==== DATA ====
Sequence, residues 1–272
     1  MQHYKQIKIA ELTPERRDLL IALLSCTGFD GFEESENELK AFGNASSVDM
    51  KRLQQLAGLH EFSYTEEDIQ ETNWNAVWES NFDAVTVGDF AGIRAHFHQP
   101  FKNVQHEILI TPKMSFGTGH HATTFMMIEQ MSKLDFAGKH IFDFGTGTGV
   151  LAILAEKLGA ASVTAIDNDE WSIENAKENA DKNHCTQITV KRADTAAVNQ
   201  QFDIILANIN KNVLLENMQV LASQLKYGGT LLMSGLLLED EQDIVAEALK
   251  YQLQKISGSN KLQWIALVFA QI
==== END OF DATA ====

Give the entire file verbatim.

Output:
Sequence, residues 1–272
     1  MQHYKQIKIA ELTPERRDLL IALLSCTGFD GFEESENELK AFGNASSVDM
    51  KRLQQLAGLH EFSYTEEDIQ ETNWNAVWES NFDAVTVGDF AGIRAHFHQP
   101  FKNVQHEILI TPKMSFGTGH HATTFMMIEQ MSKLDFAGKH IFDFGTGTGV
   151  LAILAEKLGA ASVTAIDNDE WSIENAKENA DKNHCTQITV KRADTAAVNQ
   201  QFDIILANIN KNVLLENMQV LASQLKYGGT LLMSGLLLED EQDIVAEALK
   251  YQLQKISGSN KLQWIALVFA QI